Back in August, YA writer Joëlle Anthony compiled a pretty comprehensive, interesting list of things that are overused in young adult/children’s literature. I’d seen it before, but I came across it again today after it was linked from another blog, and I, of course, did what anybody with an unpublished YA manuscript would do: I counted up how many of these YA clichés my story contained.
I am guilty of:
- #12: A dead mother (not a focus of the narrative, but a fact in the life of a character)
- # 8: The diary, either as the entire format, or the occasional entry (only a few entries, very brief, necessary to the mystery plot)
- # 5: Raising one eyebrow (I probably did this. It’s a fave of mine because I wish I could do it but woefully cannot. I couldn’t tell you where I used it in the MS, but it’s probably in there.)
That’s it! No oppressed vegetarians, no wannabe artist or writer characters, no saying “‘rents”, no fuddy-duddy names (though I guess that’s debatable), no genius younger siblings, no She’s All That rip-off plots, and most of all no red hair. Most of my characters have brown hair, with the exception of one protagonist whose hair is blonde. Large scale avoidance of these clichés, of course, is no guarantee that an editor will be interested in my manuscript, but at least I won’t be falling into traps that might mean auto-reject. That I know of.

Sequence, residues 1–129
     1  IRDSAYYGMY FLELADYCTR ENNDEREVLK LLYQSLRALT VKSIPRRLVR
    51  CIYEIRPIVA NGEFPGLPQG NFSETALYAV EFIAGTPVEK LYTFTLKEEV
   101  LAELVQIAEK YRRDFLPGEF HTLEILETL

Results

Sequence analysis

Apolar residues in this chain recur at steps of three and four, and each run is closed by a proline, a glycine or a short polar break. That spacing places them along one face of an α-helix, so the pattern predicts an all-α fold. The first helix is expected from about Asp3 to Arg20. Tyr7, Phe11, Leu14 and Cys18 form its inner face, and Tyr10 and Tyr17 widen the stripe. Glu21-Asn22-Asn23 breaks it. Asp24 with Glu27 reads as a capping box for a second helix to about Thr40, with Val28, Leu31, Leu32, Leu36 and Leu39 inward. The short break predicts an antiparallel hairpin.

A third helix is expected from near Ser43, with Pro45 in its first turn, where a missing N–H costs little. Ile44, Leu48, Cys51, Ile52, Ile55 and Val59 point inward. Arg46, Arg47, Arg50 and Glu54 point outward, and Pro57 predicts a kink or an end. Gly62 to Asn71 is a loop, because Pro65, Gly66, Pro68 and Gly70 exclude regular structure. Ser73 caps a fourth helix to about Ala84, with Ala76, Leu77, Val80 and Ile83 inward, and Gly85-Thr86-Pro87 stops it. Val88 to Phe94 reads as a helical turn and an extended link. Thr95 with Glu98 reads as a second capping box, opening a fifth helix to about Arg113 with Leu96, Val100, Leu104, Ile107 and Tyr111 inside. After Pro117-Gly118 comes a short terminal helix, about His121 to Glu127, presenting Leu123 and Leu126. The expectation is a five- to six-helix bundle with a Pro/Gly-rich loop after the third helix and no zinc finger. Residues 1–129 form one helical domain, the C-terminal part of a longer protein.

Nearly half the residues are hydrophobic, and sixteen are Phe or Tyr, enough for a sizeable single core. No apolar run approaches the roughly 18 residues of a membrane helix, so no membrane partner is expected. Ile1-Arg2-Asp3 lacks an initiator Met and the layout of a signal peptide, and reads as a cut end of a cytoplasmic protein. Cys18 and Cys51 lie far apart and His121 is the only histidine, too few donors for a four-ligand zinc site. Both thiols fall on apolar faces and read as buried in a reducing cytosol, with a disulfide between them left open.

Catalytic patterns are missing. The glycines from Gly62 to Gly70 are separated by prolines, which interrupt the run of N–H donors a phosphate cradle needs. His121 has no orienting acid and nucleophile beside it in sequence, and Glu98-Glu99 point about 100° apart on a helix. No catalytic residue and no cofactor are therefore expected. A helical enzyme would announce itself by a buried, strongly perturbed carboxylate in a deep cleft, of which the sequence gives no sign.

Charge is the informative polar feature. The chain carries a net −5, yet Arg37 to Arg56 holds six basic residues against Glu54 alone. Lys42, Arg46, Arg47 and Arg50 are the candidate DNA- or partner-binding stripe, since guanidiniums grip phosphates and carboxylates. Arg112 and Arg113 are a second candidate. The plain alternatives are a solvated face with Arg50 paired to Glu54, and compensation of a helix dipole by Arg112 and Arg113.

Oh, and a quick progress report: My revised MS is back with my agent, who downloaded it onto a Sony Reader and is taking it, digitally, to the London Book Fair with her. Even though I sort of want a Kindle for the tech geek in me, I actually don’t think I’d use it ever, but these digital readers must be such a relief to agents and editors who used to have to carry around tons of pages wherever they went.